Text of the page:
- Density: 19.30 g·cm−3 [in g·cm−3 – water is 1, Pb is 11.3, Os 22.6]
- Colour: yellow (copper and cesium are the only other coloured metallic elements)
- Total all-time production worldwide: anticipated to reach 200,000 tonnes in late 2021 [author estimate]
- Physical properties: most malleable and ductile of metals, unaffected by air, water or most corrosive compounds
- Dissolves with aqua regia, cyanide and mercury
- Conversion: 31.01 tonnes equals 1 Moz.
- Modern uses: jewellery, dental, electronics, computers, bars, coins
- Monetary use: hard asset to support paper currency
- Recyling: most of the gold ever mined is still in use
- Earliest mining: alluvial mining in middle-east and Africa several thousand years ago
- Price in $US: $250 to over $2000 since 1995. Pegged to US dollar at $35 before 1980s.
- Price in terms of labour: one ounce of gold has been worth approximately one to two weeks labour [has remained in this bracket for centuries]
- Minerals with essential gold: gold [Au], maldonite [AuBi], calaverite [AuTe], other tellurides, aurostibite, rhodite, uytenbogaardtite Ag3AuS2, fischesserite (Ag3AuSe2), auricupride, petrovskaite AuAgS
- Melting point: 1064 °C
- Boiling point: 2856 °C
- Naturally-occurring isotope: Au197 only (rest have half lives of less than one year).
- Atomic weight: 79
- Atomic mass: 197.0
- Periodic table column: below Cu and Ag
- Periodic table row: after Os, Ir, Pt; before Hg, Tl, Pb, Bi
- Similar elements: include Ag, Cu, PGEs, Bi depending upon chemical environment.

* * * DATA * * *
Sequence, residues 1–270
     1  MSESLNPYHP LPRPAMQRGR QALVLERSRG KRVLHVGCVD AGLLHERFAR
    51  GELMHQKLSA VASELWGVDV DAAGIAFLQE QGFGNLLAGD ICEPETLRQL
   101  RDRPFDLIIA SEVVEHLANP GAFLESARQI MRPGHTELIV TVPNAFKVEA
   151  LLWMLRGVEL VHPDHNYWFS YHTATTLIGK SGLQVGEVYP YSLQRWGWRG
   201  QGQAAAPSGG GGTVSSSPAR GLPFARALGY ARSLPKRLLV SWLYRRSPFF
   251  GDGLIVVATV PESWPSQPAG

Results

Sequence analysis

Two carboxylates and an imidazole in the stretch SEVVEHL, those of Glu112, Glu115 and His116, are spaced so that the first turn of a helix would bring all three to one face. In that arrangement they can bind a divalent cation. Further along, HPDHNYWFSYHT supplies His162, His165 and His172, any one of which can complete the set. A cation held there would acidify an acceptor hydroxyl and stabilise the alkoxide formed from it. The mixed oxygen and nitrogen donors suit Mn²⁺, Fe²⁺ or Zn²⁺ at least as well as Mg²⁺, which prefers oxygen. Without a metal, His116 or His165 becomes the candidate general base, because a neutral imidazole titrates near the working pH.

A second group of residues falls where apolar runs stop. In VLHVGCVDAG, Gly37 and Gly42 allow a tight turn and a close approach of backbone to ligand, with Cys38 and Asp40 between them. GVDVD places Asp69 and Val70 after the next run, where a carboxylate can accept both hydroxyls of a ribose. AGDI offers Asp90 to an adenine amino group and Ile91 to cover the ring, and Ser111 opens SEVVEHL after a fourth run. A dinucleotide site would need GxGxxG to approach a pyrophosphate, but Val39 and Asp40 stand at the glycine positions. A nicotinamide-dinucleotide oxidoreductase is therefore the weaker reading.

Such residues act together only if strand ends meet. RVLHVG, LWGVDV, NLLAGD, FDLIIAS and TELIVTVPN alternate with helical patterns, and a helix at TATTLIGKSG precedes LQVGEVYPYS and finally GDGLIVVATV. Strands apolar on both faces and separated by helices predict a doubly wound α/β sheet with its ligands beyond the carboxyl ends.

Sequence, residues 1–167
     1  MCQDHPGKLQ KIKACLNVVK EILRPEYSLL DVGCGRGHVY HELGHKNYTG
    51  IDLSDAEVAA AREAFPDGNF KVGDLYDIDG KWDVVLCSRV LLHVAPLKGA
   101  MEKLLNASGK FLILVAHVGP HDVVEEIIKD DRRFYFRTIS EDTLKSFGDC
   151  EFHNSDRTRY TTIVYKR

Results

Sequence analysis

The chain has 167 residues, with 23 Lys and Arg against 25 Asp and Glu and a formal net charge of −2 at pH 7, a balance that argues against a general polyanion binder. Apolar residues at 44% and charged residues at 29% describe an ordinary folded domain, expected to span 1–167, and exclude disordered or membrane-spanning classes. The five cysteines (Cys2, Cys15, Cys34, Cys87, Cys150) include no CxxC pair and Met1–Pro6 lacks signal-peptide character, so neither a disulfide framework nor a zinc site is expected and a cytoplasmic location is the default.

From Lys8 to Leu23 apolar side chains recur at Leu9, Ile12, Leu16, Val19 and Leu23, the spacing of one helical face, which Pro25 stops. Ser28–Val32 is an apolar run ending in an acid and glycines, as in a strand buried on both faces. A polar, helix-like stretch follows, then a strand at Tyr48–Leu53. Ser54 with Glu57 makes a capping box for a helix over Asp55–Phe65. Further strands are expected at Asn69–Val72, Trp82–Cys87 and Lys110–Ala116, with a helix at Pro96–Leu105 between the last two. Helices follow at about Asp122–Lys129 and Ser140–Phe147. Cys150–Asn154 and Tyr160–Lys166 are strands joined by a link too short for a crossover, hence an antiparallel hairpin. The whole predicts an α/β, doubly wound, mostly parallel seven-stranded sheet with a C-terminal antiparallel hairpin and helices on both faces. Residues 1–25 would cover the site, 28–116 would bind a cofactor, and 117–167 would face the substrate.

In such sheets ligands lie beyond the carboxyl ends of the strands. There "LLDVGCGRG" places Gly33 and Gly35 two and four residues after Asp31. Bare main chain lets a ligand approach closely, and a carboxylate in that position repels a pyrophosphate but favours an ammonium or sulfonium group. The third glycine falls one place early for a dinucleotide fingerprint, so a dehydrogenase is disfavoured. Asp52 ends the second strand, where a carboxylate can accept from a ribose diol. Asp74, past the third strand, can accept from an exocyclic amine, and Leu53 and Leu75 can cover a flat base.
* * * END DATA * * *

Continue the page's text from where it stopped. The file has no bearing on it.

- Oxidation states: -1, 1, 2, 3, 4, 5. Note +1 and +3 dominate in nature
- Electronegativity: 2.54 Pauling scale which is very high for a metal cation
- Electron configuration: [Xe] 4f14 5d10 6s1
- Ionisation energy: 1st 890.1 kJ.mol-1, 2nd 1980 kJ.mol-1
- Atomic radius 144 pm
- Covalent radius 136 +/-6 pm
- Au1+ 137 pm, very large
- Au3+ 85 pm
- Co-ordination chemistry: linear (Au1+), square planar (Au3+)
- Why is gold yellow?: Gold absorbs blue light to transfer an electron between its 5d and 6s orbitals. The 6s is unexpectedly low energy due to relativistic effects of this heavy element.
After completion of the final proof of Formation of Gold Deposits, the author noted an error in his emphasis of the two oxidation states of gold, namely Au1+ and Au3+.
The relevant gold ion in the primary (unweathered) zone is Au1+. The suggestion of Au3+ being critical for gold-plus deposits is not correct: instead the difference between gold-only and gold-plus deposits is a reflection of the different ligands (bi-sulfide and chloride, respectively). Fig. 14.1 caption should read Au1+. The same error is reflected in Chapter 1 and in Fig. 14.9 where Au1+ and Au3+ should be replaced by bi-sulfide, and chloride, respectively as the likely ligands. In section 14.7, the contrast between gold-only and gold-plus is better explained by the contrasting ligand species, bi-sulfide and chloride, respectively.
No changes are required to chemical descriptions of the two ions such as the Au1+ being larger and softer and preferring covalent bonding. No change is required to Au3+ being mentioned as important in regolith (weathering) environments.